Brett Sheehy: "I hope the independent sector at least feels we’re all in the same game together"

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Brett Sheehy has just finished his first full year as artistic director of the Melbourne Theatre Company with its 2013 program of plays and events crafted by him. He moved to the MTC late last year after running the Melbourne Festival as artistic director for four years. He has been joined at the MTC by his team which includes general manager Virginia Lovett (from the Melbourne International Comedy Festival), literary manager Chris Mead (Playwrighting Australia), associate directors Sam Strong (Griffin Theatre) and Leticia Cáceres, as well as a new casting director.
Sheehy’s was a surprise appointment to the MTC given he has been regarded as a creative producer rather than practised as a director, writer, actor or set designer, which is the usual career path for state theatre company artistic directors.
As a festival director (he has also been artistic director of Adelaide and Sydney festivals), Sheehy has applied his creative producer’s skills at the MTC. He has rebranded the company’s livery and initiated a number of programs that have brought it attention from artists and audiences not usually seen at the MTC.
Today the MTC announced that  its 2013 season “has achieved the highest box office in its 60 year history at $13,500,000, a margin of $780,000 over the previous record year of 2011”.
An MTC press release said the company recorded its highest number of single ticket (non-subscription) sales in a decade and single ticket attendees topped 70,000 with nearly 33% first time attendees to the company.
In the release Sheehy said he was: “Thrilled with the result, especially given the number of risky initiatives undertaken this year. All credit must go to the MTC team who had no additional resources to successfully implement a raft of programs which increased our overall activities by 25%.”
Daily Review asked Sheehy some questions about his first year running Australia’s oldest professional theatre company in the country.
brettsheehy2-WEBThis has been your first full year with your new team on board. So have you achieved what you hoped to when you pitched your ideas for the MTC  to the board?
I pitched 14 key elements in the original vision I presented to our board.  They are listed below, with their outcomes. We have yet to activate/achieve the final two points.

  1. Maintain our subscription base with a mainstage season of quality work, and build single ticket sales (done and resulting in our highest annual box office ever – $13.5 million, by a margin of $780,000, as well as our highest non-subscription single ticket sales in a decade).

Additionally we undertook to:

  1. Open MTC up even more to new and younger audiences (achieved with programming decisions such as Constellations and The Beast, and the NEON Festival of Independent Theatre).
  2. Build our international profile through securing presentation of our work on an international platform (our production of Rupert is going to Washington DC – our first tour in 30 years) and explore the possibility of presenting international work on our home platform (One Man, Two Guvnors was our first ever international production in an MTC program).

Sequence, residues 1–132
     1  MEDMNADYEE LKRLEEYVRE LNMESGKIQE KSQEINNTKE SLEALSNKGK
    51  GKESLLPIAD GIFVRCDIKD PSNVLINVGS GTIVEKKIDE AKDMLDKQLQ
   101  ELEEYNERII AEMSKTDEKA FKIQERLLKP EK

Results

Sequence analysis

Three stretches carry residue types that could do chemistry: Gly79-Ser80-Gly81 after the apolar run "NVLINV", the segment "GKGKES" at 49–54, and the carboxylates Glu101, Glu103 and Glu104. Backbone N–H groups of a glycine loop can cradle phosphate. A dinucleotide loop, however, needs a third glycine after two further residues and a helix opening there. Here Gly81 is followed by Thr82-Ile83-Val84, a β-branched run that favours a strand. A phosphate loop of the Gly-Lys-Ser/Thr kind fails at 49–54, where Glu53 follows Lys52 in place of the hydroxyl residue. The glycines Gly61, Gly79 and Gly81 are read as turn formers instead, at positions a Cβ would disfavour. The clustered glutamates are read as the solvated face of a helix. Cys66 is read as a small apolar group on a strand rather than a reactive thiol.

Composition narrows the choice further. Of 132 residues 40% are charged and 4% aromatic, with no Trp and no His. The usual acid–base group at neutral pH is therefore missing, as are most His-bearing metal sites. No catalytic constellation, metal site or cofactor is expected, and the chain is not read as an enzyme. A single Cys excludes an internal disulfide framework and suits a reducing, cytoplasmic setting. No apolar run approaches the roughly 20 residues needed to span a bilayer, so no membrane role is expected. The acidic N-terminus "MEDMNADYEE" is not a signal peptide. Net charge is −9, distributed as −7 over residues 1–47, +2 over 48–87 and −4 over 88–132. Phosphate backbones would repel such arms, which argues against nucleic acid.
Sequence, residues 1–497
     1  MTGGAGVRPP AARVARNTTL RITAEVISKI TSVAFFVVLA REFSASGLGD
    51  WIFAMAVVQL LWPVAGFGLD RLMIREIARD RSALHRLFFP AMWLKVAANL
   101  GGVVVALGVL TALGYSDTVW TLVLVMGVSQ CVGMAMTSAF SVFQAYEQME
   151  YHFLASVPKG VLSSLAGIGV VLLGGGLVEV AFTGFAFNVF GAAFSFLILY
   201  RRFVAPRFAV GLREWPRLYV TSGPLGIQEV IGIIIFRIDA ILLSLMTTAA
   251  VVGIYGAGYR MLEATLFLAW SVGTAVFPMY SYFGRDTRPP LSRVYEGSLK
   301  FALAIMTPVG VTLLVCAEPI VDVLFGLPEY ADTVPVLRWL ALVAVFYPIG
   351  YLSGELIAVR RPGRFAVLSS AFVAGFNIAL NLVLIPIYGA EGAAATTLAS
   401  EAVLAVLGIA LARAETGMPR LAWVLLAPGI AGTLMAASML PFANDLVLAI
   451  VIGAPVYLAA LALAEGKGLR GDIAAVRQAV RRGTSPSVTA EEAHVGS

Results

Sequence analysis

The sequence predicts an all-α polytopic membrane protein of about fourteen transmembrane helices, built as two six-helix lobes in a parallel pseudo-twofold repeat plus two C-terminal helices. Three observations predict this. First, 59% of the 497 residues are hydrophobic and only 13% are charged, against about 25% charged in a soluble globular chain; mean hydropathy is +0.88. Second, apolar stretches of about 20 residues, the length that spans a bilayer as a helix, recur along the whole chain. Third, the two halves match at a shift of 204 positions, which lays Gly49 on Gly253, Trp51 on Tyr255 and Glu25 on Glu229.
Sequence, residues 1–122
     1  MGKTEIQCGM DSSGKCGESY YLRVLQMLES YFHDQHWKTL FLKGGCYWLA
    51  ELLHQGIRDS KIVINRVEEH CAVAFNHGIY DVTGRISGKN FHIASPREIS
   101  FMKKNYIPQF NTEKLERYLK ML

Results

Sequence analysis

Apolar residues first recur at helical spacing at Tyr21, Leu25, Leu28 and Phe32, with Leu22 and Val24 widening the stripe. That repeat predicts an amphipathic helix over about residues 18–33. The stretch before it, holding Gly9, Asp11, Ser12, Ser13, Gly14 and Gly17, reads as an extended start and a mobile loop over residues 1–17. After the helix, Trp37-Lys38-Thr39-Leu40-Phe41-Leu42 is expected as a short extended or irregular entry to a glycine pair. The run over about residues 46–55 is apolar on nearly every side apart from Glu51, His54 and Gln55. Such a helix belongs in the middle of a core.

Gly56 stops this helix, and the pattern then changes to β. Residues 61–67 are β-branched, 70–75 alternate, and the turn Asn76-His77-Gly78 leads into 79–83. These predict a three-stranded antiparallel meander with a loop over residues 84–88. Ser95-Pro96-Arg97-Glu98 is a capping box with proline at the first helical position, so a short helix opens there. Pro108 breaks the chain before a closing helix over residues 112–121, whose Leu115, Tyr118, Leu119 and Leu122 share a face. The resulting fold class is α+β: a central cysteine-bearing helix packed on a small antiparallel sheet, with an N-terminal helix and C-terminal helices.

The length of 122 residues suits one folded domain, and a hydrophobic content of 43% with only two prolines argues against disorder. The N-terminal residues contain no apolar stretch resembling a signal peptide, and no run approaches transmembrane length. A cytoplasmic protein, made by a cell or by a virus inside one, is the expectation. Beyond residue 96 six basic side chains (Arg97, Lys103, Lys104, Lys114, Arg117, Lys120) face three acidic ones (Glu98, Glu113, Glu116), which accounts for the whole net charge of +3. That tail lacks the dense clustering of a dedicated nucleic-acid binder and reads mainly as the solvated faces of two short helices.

3. Explore cross-artform theatrical practice (we developed and programmed Complexity of Belonging for 2014).
  4. Rename ‘MTC Theatre’ as ‘Southbank Theatre’.
  5. Enter into co-producing arrangements with more partners (The Beast was with the Comedy Festival and Melbourne Festival, One Man, Two Guvnors was with Arts Centre Melbourne, Complexity of Belonging in 2014 is with Chunky Move, Marlin in 2014 is with Arena Theatre Company, and Once in 2014  is with Gordon Frost Organisation).
  6. Build a relationship with the independent theatre sector (we presented the first NEON Festival of Independent Theatre).
  7. Explore bringing non-theatre artists into MTC’s milieu (we engaged international visual art star Callum Morton to design Other Desert Cities).
  8. Build links outside MTC’s regular demographic (we launched MTC Connect with Multicultural Arts Victoria and presented Neon Festival of Independent Theatre).
  9. Develop a policy to start to address the issue of women directors (we launched the new Women Directors Program led by our associate director Leticia Cáceres).
  10. Make a fresh commitment to Australian writing (we appointed former Griffin Theatre Company artistic director and CEO Sam Strong, and Playwriting Australia Director and CEO Chris Mead, to the MTC team).
  11. Make family programming a part of MTC’s annual activities (we programmed The Book of Everything for 2013, and Big Bad Wolf and Marlin for 2014).
  12. Invigorate the Southbank precinct with late-night live music at Southbank Theatre (not yet activated).
  13. Install and activate cinema facilities at Southbank Theatre to screen films relating to theatre in general or Melbourne theatre and arts programs in particular (not yet activated).

So yes, we achieved much of what we set out to do.
What do you think has been the biggest achievement this year?
Taking big risks and having those risks pay off. They included the Neon Festival of Independent Theatre, going out to Melbourne with the unnamed Zeitgeist slot (which turned into Eddie Perfect’s first play The Beast), being the first company in the world to tackle Rupert Murdoch on stage (David Williamson’s Rupert), presenting Simon Stone’s MTC debut (The Cherry Orchard, with the inevitable controversy around adaptations), and partnering in a massive financial undertaking (by our standards) with One Man, Two Guvnors.
NEON we  assume was a necessary risk but was it a bigger risk than you thought?
Happily there was no financial risk in Neon – we decided to put a match to around $500K in cash and contra and wear that loss, which meant we weren’t sweating on box office. That each production had sold-out performances was just great for the artists involved to take away that revenue. The artistic risk was personally significant since I have never before presented a season of work for which I was entirely curatorially hands-off. I had no idea what was going to end up on stage – works satirising or criticising MTC?, works which were offensive?, works which were incomprehensible to our usual audiences? There was considerable concern about some of the content of the works amongst various people, but my response was always simply “If it’s legal, they can do it.”